The percentage of literacy in America is dependent upon which of the several definitions of literacy is quoted.  Governments may consider people as being educated those who can read a couple of thousand simple words they learned and memorized in the first four years in school. Other people may term such people as being practically illiterate if they do not possess the capability to use basic sources of written information like warning labels and driving instructions. It is practically impracticable to give firm rates of literacy as this is not completely measurable. However, the quoted 15% figure for full literacy is the same as that of a university undergraduate level, which means that the American reads at a 7th or 8th-grade level which is also dependable upon suggestions.   

The guidelines, and norms of readability for medication directions, product information, and popular fiction by the  U.S. Department of Education has conducted an extensive evaluation of adult expertise in using a common method from which trends could be measured. The study gauged Prose, Document, and Quantitative skills. Around 19,000 subjects participated in the survey of which roughly 50% were at either basic or below basic levels of proficiency in all three categories. The study identified some adults who, although not meeting criteria for illiteracy, face lesser job opportunities and life prospects due to incompetent literacy know how according to the requirements of contemporary requirements.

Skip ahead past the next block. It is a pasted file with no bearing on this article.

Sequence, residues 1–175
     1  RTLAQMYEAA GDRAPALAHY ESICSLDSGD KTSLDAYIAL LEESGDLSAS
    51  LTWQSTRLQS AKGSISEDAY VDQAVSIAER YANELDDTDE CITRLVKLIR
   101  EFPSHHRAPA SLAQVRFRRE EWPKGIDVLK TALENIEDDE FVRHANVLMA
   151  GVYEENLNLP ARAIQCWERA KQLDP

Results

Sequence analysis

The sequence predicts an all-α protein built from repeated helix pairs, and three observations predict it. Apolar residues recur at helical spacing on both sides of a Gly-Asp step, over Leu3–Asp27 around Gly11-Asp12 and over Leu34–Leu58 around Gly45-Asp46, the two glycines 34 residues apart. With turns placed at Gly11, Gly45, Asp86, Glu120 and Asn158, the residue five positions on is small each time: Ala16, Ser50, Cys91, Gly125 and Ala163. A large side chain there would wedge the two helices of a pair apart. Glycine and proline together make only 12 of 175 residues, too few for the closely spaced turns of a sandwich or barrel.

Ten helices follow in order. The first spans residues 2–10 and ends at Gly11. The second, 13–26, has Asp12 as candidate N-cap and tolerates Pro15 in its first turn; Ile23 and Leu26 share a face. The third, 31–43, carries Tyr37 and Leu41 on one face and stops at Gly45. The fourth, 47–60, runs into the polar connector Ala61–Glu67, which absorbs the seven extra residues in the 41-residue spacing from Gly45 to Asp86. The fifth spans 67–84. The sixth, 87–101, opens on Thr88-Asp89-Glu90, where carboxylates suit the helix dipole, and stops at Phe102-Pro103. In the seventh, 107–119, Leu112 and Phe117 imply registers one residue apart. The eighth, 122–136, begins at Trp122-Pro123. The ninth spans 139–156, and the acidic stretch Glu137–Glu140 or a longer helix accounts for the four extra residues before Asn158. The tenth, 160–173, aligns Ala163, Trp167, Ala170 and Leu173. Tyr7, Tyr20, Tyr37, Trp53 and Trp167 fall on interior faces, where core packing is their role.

A second  study by the same group of researchers using a less significant information base  was released which reported some progressive movement of low end basic and below to intermediate in U.S. adult literacy levels and a wine in the full proficiency group.

Thus, if this lower end  of the study is measured against  the practically  illiterate people, and these are then removed from those classified as literate, then the resultant literacy rate for the United States would be at most 65-85% depending on where in the basic, minimal competence where one sets the cutoff..

The study, the most extensive study of literacy ever carried out by the U.S. government, was released in April 2002 and then again in 2003 giving statistical data. It involved drawn out meetings of over 90,700 adults making allowances for age, gender, ethnicity, education level, and location urban, suburban, or rural in 12 states across the U.S. and was designed to represent the U.S. population as a whole. This government study showed that 21% to 23% of adult Americans were not “able to locate information in text”, could not simple conclusion using printed materials”, and were unable to identify easily recognizable bits of information.” Further, this study showed that 41% to 44% of U.S. adults in the lowest level of the literacy scale literacy rate of 35 or below were living in abject poverty because of their inability to read and write.